The news about the deal to acquire Patient Safety is small news. For starters, the price tag represents less than half a percent of Stryker's market capitalization. Growth has to come from access and learning of technologies, as well as marketing the Patient Safety's proprietary Safety-Sponge System and the SurgiCount 360 through Stryker's sales force. Even when this strategy will work successfully, the deal won't move the needle in a significant way.
Yet the deal shows that Stryker continues to look around for nice deals. Back in September of 2013, the company already announced the $1.65 billion deal to buy Mako Surgical. The deal gives Stryker access to Mako's technology in robotic assisted surgery, yet it comes at a price. Revenues of Mako are seen at roughly $100 million for 2013, while losses could come in around $75 million.
Stryker's diversity is a major strength with the company deriving revenues from Neurotech & Spine, Recon and MedSurg. Even within these three segments, the diversity in revenues is strong with no individual business making up more than 15% in revenues. A drawback is the geographical coverage, with Stryker deriving two-thirds of its annual revenues from the US. Disappointing is the mere 6% exposure to emerging markets.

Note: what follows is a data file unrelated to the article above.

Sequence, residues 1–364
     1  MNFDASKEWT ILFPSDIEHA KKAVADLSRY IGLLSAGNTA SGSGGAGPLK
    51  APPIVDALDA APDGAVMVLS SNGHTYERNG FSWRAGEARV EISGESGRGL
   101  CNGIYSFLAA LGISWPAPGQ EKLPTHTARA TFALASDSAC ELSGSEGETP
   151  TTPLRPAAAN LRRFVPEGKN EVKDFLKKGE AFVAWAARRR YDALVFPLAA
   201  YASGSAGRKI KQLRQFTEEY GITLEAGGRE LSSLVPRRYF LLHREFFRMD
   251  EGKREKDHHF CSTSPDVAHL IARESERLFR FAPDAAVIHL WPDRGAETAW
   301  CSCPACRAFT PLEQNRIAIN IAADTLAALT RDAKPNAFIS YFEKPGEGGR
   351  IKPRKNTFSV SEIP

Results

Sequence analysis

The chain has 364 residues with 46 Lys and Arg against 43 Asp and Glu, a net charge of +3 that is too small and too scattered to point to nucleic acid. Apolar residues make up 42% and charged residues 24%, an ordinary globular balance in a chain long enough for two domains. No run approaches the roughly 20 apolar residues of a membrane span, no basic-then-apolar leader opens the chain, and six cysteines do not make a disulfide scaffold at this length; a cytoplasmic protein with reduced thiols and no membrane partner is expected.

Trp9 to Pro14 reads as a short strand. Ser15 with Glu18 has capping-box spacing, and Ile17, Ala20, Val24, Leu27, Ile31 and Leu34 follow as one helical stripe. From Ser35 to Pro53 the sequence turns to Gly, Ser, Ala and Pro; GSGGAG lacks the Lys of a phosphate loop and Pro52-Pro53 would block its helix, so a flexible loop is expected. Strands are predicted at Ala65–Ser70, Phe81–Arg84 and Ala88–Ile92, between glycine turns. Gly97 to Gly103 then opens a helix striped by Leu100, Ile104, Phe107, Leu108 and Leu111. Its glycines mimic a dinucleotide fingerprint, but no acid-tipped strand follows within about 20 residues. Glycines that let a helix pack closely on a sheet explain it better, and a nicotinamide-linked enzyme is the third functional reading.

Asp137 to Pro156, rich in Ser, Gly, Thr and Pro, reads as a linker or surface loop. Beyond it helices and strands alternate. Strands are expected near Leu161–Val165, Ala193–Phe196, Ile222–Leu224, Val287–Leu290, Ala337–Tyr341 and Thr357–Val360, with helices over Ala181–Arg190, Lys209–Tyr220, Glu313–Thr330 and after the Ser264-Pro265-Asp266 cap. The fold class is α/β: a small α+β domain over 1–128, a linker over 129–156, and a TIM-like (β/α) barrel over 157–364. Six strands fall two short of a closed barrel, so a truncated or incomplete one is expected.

Back in September, I looked at the implications for shareholders following the acquisition of Mako Surgical for which the company paid an 86% premium. The deal adds to Stryker's promising technologies in a growing market, yet the real impact of the deal will take years to materialize.
The valuation at 20 times normalized earnings at the time was a bit rich in my opinion. The diversification is a plus, but also limits growth to some degree. Another drawback as seen this year is the exposure to many technologies and medications, resulting in expensive product recalls at times.
In September, I concluded to remain on the sidelines. Despite the solid revenue growth and spectacular dividend growth, the current valuation does not represent a great opportunity for investors. The latest small addition does not change my opinion.